Insurance money held

2019-02-01 16:05

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Two local families have not received insurance money that was supposed to have been paid out by the South African Football Association (Safa) following the deaths of their family members who had served under the association.

Safa has blamed the delay on legal infighting between rival groups which they hope will now be laid to rest by a court order granted this month.

The affected families are those of the late Thulani Dlamini (58) chairperson and owner of the Mighty Heroes soccer team, and the family of the late Patrick Zuma, founder and manager of the local Arsenal soccer team.

Attempts by The Witness to contact the Zuma family were unsuccessful, but a relative of Dlamini said he died due to kidney failure in August last year, but they are yet to receive the insurance money. “People from Safa came to our home in eNcwadi after his [Dlamini’s] death and advised us to submit an insurance claim to Safa because all the members under Safa are insured,” said the relative, who asked not to be named.

She said after submitting the application they were told that they would be contacted once the R12 500 was paid to the local Safa offices by the insurance company. “We heard rumours from people who work at the offices that the money was paid out in early September, but we were never contacted officially.

“We waited for a couple of months, but no one ever contacted us.

“A few weeks ago, his wife contacted the office and was told that she would be contacted again this week so we are still waiting,” said the relative.

The Dlamini family member told The Witness no one from Safa had contacted them by yesterday afternoon.

A source who works at the regional uMgungundlovu offices told The Witness that the Dlamini insurance money was paid out to Safa on September 4 last year, but alleged Safa’s regional president, Msawenkosi Zondi, instructed employees not to tell the family, and that he did the same when the insurance company paid the insurance money in June intended for the Zuma family.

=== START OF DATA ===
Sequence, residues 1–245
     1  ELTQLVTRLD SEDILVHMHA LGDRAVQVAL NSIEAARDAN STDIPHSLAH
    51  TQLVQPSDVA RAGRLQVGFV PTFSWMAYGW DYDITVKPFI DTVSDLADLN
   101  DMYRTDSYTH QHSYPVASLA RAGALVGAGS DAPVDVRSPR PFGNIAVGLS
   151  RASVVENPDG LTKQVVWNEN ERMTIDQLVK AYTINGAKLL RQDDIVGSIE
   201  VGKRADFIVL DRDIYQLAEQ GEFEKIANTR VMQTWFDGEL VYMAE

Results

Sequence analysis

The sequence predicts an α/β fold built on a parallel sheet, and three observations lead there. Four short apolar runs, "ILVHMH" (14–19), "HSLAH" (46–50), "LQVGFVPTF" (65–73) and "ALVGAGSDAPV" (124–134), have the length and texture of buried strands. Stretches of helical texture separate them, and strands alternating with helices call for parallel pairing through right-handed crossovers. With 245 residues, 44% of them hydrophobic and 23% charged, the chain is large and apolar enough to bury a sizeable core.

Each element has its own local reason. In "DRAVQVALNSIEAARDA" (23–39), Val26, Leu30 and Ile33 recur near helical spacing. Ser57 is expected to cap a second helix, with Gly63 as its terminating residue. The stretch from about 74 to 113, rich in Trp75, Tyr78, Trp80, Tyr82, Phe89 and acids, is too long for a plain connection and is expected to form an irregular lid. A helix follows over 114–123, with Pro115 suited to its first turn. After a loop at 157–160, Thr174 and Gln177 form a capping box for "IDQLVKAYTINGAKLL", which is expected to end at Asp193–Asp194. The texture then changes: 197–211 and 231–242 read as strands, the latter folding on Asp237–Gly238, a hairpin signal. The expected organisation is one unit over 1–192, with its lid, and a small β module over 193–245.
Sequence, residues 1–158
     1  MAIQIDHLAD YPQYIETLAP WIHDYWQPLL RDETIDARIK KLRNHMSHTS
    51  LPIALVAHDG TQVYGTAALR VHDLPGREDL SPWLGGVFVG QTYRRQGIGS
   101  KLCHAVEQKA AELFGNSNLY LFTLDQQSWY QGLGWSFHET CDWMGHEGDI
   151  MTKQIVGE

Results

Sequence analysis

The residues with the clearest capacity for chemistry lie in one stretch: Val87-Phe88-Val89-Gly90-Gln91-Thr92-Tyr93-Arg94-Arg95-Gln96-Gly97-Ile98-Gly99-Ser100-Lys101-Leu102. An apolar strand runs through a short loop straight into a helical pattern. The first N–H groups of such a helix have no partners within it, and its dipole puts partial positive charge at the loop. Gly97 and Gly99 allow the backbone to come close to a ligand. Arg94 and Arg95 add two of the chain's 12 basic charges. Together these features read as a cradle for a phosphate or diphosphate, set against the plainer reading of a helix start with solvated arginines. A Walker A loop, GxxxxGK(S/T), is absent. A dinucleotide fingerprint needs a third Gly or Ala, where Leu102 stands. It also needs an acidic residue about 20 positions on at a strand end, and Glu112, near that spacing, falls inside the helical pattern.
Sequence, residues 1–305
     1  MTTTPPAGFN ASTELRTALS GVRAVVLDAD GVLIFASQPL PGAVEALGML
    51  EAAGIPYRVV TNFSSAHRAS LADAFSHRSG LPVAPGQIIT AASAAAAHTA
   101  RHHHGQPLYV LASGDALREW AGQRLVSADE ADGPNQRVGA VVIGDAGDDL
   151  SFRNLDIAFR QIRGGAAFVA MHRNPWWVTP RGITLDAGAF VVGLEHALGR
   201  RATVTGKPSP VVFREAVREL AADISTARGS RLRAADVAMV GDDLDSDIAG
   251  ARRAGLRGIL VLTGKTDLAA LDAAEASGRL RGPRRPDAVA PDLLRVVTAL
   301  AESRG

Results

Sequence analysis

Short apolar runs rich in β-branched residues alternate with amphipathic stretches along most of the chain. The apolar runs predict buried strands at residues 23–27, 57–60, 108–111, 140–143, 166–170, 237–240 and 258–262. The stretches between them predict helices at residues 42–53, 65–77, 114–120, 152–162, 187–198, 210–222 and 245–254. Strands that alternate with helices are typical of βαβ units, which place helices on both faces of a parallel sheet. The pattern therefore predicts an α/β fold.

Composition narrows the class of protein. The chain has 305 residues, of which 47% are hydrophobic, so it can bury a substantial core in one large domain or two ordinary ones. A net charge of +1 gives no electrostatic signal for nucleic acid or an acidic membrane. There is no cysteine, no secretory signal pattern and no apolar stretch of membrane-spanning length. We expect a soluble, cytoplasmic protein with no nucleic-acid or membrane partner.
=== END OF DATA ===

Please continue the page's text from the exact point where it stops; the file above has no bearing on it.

Zondi, however, strongly denied giving such instructions and said an internal dispute was to blame for the delay.

“The procedure is that once the insurance has paid the money to Safa, we contact the families and check their availability because they do not come to us to collect the money, but we go the family home to pass on our condolences and leave the cheque,” he told The Witness.

Zondi said this has been done with several families in past years who had lost relatives who had served under Safa. He said the problems started last year when they faced internal labour disputes at their uMngungundlovu regional offices.

He said a certain faction within Safa forcibly took control over their offices in October last year. “We were chased out of our offices and they had taken over everything. They took all the cheque books and took all the car keys. All our processes came to a standstill.

“We opened a case with the police and on January 18 this year, the high court ruled that they bring back all the things they took, including the cheque books, and to vacate the offices. They were given 10 working days to do this so until then we can’t really do anything,” said Zondi.

He said if the other faction fails to comply with the court’s order the matter would go back to court.

“I was recently contacted by the Dlamini family and I reassured them that once we are back in our offices and everything has settled we will make sure they have their money. We have a very good record of paying out these monies and we plan to maintain that record.

“I think this is just a smear campaign against me since the court ruled against the other faction,” said Zondi.

Safa’s legal officer Tebogo Motlanthe said uMgungundlovu region acknowledged that the insurance company has indeed paid the money for the families into the regional account.

“Due to a dispute between two groups the cheque book is currently not in possession of the region.

“The regional president further indicated that they are communicating with the families. In terms of the court order they expected to get the cheque book [yesterday] and effect such payments,” said Motlanthe.

Motlanthe added that Zondi had promised to give the national Safa office a written report to this effect.

Read more on:    pietermaritzbrug  |  insurance
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